Yogesh Chauhan's Blog

Two ways we can use colon(:) in Envision Basic

in Envision Basic on December 21, 2021

1. Used as a Concatenation Operator

The syntax is:


expr1 : expr2

The : operator concatenates two expressions. It is same as the CAT operator.

This how you can use : operator and CAT. Both will save “Hey there” in the Str variable.


Str = "Hey " CAT "there"
Str = "Hey " : "there"

2. Used as an Expand-in-Place Directive

The syntax is:


:directoryname filename [USING parameter(s)]:

The “:” directive is used to specify an EXPAND-IN-PLACE insert.

In Envision Basic, there are two ways to insert one block of code into another:

  1. via UniBasic’s native $INSERT command.
  2. via an EXPAND-IN-PLACE insert.

For example, the file “I_GETNBR” in the directory “UT.INSERTS” contains a block of Envision Basic code. You could reference that code within other code either as:


$INSERT I_GETNBR FROM UT.INSERTS

or


:UT.INSERTS I_GETNBR:

The $INSERT statement generally adds just a single line $INSERT statement to the generated source file which helps shrink the process’s generated source file size. That’s why the $INSERT technique is generally preferred.

If you use the colon syntax, it will insert the entire block of code into the generated source code.

The one exception to the rule of “a $INSERT statement adds just one line to a process’s generated source code” occurs when your process is a form and the insert block contains Envision extensions. In that case, the $INSERT statement behaves like an EXPAND-IN-PLACE insert.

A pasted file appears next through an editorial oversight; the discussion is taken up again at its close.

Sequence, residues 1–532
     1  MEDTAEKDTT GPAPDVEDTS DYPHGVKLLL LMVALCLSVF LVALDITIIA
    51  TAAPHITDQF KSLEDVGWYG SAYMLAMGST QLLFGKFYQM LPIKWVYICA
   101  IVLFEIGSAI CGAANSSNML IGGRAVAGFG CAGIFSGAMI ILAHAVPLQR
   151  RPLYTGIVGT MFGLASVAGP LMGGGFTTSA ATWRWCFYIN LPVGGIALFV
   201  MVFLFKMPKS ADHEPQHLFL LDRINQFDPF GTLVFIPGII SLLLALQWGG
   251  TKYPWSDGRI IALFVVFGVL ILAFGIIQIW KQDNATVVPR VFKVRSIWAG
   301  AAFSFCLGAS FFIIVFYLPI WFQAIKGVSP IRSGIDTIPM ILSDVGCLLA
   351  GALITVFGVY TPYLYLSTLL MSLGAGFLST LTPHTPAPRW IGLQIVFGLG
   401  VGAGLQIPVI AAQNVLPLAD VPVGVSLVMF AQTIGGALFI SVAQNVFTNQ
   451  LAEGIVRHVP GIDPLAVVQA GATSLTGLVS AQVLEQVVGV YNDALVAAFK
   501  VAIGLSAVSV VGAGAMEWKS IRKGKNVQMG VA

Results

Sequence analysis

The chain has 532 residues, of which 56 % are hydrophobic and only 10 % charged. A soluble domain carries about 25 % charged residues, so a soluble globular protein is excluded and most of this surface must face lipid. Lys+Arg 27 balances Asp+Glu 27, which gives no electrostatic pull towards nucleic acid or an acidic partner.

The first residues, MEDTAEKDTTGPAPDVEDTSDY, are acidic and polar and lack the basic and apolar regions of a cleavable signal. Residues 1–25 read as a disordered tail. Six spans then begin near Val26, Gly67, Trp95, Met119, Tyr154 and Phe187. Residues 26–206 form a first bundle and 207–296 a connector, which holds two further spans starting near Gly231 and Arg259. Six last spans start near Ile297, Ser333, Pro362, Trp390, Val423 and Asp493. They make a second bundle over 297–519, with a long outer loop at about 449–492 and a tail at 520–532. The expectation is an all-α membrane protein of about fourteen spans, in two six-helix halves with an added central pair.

Note: Envision extensions are statements that are not native to UniBasic, but are Ellucian-created extensions of UniBasic.

For historical reasons, the $INSERT statement does not exhibit that same exception when used in a batch process. That means $INSERTs used in a batch process are not permitted to contain Envision extensions.

If your insert file does not contain any Envision Basic extensions, then you should always use the $INSERT technique.

However, for historical reasons you may often see such insert files being used as EXPAND-IN-PLACE files.

At one time, UniBasic did not permit nested $INSERT statements. This is no longer the case.

Nested $INSERT statements means having a $INSERT statement in a file that was itself referenced by a $INSERT statement.

So one reason to use EXPAND-IN-PLACE inserts is to reference insert files that contain Envision extensions.

Another reason to use EXPAND-IN-PLACE inserts is that, via the USING keyword, they permit the use of placeholders.

Placeholders allow you to create an insert file with “to be filled in at run-time” pieces. These are defined in the insert file by the $USING line.

Credit: Envision Basic Command Reference


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